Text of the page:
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Delaware Upholds Board Adopted Forum Selection By-Laws

On June 25, in an entirely unsurprising opinion, the Delaware Court of Chancery ruled in Boilermakers Local 154 Retirement Fund v. Chevron Corporation that unilateral director-adopted forum selection bylaws are valid under Delaware law and enforceable to the same extent as other forum selection clauses.  Forum selection bylaws designate a forum as the exclusive venue for particular kinds of suits.  The decision shows once again the Delaware court’s protective stance towards corporations and boards of directors.

The case considered actions taken by the boards of Chevron Corporation and FedEx Corporation, each a Delaware corporation.  Each company adopted bylaws designating Delaware courts as the exclusive forum for any stockholder litigation involving derivative actions, claims for breach of fiduciary duty, claims under the DGCL, and other claims concerning corporate internal affairs. The Chevron and FedEx boards stated that they adopted these bylaws in response to being subject to litigation over a single transaction or a board decision in more than one forum simultaneously, so-called “multiforum litigation.”

The plaintiffs challenged these forum selection bylaws arguing that the boards of the defendant corporations had no authority to adopt the bylaws and that they were invalid as a matter of contract.  The plaintiffs sought a declaration that the bylaws were invalid and a breach of fiduciary duty.  After staying the claim for breach of fiduciary duty, Chancellor Strine, writing for the court, flatly rejected the DCGL and contract claims and upheld the bylaws.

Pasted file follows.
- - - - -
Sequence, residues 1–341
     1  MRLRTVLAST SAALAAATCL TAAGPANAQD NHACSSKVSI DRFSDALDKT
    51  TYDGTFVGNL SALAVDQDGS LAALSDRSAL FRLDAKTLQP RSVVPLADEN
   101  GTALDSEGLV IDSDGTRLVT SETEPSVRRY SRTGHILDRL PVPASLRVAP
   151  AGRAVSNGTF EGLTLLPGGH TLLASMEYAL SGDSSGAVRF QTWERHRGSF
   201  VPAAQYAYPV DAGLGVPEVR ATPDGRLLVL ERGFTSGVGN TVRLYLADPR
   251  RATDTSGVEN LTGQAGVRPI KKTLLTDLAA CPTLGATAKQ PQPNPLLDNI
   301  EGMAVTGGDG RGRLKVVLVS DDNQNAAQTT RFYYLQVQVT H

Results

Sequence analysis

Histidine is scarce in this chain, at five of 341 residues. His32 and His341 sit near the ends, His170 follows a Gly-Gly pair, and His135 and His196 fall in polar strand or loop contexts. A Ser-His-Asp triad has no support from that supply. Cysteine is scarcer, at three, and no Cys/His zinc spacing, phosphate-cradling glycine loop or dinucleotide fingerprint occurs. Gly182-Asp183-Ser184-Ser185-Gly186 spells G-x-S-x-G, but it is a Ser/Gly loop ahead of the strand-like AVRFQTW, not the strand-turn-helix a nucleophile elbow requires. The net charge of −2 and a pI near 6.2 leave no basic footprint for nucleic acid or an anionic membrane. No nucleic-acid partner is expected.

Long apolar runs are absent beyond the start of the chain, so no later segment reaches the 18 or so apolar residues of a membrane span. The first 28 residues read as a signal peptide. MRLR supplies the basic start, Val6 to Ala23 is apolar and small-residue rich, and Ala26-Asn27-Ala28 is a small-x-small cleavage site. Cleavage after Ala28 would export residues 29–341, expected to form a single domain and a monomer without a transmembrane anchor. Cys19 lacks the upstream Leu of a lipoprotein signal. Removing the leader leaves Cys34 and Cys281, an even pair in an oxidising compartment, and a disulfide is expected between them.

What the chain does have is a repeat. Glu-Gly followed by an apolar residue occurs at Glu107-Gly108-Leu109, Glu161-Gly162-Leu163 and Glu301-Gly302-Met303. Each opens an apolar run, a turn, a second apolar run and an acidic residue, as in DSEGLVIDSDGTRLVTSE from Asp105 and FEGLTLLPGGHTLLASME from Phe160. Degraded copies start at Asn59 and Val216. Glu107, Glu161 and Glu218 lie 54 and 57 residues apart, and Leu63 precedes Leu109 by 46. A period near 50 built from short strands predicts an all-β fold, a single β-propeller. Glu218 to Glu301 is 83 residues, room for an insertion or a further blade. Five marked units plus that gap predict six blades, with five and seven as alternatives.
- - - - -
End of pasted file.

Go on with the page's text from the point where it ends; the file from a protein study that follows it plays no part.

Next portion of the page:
As to the content of the forum selection bylaws, Chancellor Strine began by addressing 8 Del. C. § 109(b), stating:

  • [h]aving challenged whether the bylaws are authorized by 8 Del. C. § 109(b), the plaintiffs have to confront the broad subjects that § 109(b) permits bylaws to address. The DGCL provides that bylaws may address any subject, ’not inconsistent with law or with the certificate of incorporation, relating to the business of the corporation, the conduct of its affairs, and its rights or powers or the rights or powers of its stockholders, directors, officers or employees.”…. As a matter of easy linguistics, the forum selection bylaws address the “rights” of the stockholders, because they regulate where stockholders can exercise their right to bring certain internal affairs claims against the corporation and its directors and officers. They also plainly relate to the conduct of the corporation by channeling internal affairs cases into the courts of the state of incorporation, providing for the opportunity to have internal affairs cases.

8 Del. C. § 109(b) has long been understood to allow the corporation to set “self-imposed rules and regulations [that are] deemed expedient for its convenient functioning.” The forum selection bylaws here fit this description. They are process-oriented, because they regulate where stockholders may file suit, not whether the stockholder may file suit or the kind of remedy that the stockholder may obtain on behalf of herself or the corporation.